What’s, in your opinion is the best Track you have produced?
Ohh there are hundreds, but only few I’ve ever put out under the ‘maDJam’ name- the rest are under 3 or 4 secret nicknames no one can identify as me. Even with the track registration my real name is concealed, because I don’t want people to associate my name with that one track- some are too chilled, others light/funky, or mind-trip tech house and the rest borderline mainstream. If one of them came out I’ll be requested to play it at certain gigs and don’t want to fall under the Edward Maya Syndrome where they only book him for that single track.
What has been your best show?
There are so many good memories- an overdose of happy thoughts. The Monot Music Festival 2001 was a breakthrough gig with Mix FM that will never be forgotten as we had 14,000 people squished into a dusty parking lot playing “house” music and it all made sense from then onwards. Recently there were a couple of private parties up in the Bekaa Valley of Lebanon that both started midday and went on for 12 hours. Those super long sets at ultra-intimate places is where my spirit gets rejuvenated- because it’s a continuation of that first party I did 22 years ago.
Where do you find the best audiences?
Wherever, I like the audiences that know how to leave their stressors away, drop the ego and simply have a good time. One place that’s always great is Ibiza since it’s parties are 24/7 starting from June til October. Usually everyone getting on that island are there to escape the normal life they live. However I’ve experience similar levels of “letting go” wildness in the most of unlikely places including Aleppo (North Syria 2009-2011), Jeddah Saudi Arabia, Beach Chalets in Kuwait, Afterparties in Greece and Cyprus.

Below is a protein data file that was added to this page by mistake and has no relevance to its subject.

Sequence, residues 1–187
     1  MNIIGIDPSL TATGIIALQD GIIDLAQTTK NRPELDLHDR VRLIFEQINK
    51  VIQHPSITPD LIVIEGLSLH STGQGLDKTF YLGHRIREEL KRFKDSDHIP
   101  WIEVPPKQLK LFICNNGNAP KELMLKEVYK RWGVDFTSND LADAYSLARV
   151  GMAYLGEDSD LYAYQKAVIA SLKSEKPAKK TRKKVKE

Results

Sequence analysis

What is the best city that you have traveled to as a tourist?
As a non-clubbing tourist ? Hmmm that would have to be Bentota in Sri Lanka- everything from the smiles on people’s faces to the seafood quality to the weather. Great escape!
You’ve had many concerts and events in Beirut; how do you find the crowd there, and which one was your favorite and why?
Every event has a special place in my heart when it comes to Beirut. Mainly because of whatever the country was going through at the time, the event always had a special feeling as a result. The One Big Sunday event in September of 2006 was the first proper event after the war ended and one of the best spiritual moments in my memory with goosebumps on my arms the whole day, just seeing everyone happy again. John Digweed at BIEL in 2008 was similar because there was some civil unrest that happened and we barely got out of it, yet the party was a big success that included people from both sides of the division. That and the fact our geography is so small (always bump into people you know) is what makes Lebanon special.
Is there a perfect set length, and if yes, how long would it be?
The longer the set the better. I love having full mood and mind control with a crowd on a day throughout the night… or night through day. Gives me freedom to choose whatever my instinct tells me to play, complete improvisation, and there are so many different genres to fit in together. Plus tolerance (booze and the like) and endurance/strength to play longer sets means you really are doing it from the heart. I keep playing until that last person collapses- even if it is just one person. A reason most club managers hate me J
What are your goals for 2015?
Just keep going up, never plan anything because you’ll get depressed if you don’t reach that goal like Brazil vs. Germany. Especially with music, it depends on so many factors like politics, economy, internet speeds, global trends vs. local club trends… so keeping an open mind and heart and always hungry for more. That sound like a plan!